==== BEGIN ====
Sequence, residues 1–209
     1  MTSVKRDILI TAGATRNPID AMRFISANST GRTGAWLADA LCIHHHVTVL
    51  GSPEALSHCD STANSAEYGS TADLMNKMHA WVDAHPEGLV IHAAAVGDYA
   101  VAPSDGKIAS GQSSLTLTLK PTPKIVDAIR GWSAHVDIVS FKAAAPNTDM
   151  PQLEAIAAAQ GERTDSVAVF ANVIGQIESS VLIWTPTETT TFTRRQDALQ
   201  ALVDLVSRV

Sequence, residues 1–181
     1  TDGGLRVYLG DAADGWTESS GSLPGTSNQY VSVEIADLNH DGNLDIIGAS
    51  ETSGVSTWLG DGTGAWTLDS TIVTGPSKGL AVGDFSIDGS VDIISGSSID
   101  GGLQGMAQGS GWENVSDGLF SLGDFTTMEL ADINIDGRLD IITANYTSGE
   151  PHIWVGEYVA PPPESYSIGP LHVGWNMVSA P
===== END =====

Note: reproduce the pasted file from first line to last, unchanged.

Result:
Sequence, residues 1–209
     1  MTSVKRDILI TAGATRNPID AMRFISANST GRTGAWLADA LCIHHHVTVL
    51  GSPEALSHCD STANSAEYGS TADLMNKMHA WVDAHPEGLV IHAAAVGDYA
   101  VAPSDGKIAS GQSSLTLTLK PTPKIVDAIR GWSAHVDIVS FKAAAPNTDM
   151  PQLEAIAAAQ GERTDSVAVF ANVIGQIESS VLIWTPTETT TFTRRQDALQ
   201  ALVDLVSRV

Sequence, residues 1–181
     1  TDGGLRVYLG DAADGWTESS GSLPGTSNQY VSVEIADLNH DGNLDIIGAS
    51  ETSGVSTWLG DGTGAWTLDS TIVTGPSKGL AVGDFSIDGS VDIISGSSID
   101  GGLQGMAQGS GWENVSDGLF SLGDFTTMEL ADINIDGRLD IITANYTSGE
   151  PHIWVGEYVA PPPESYSIGP LHVGWNMVSA P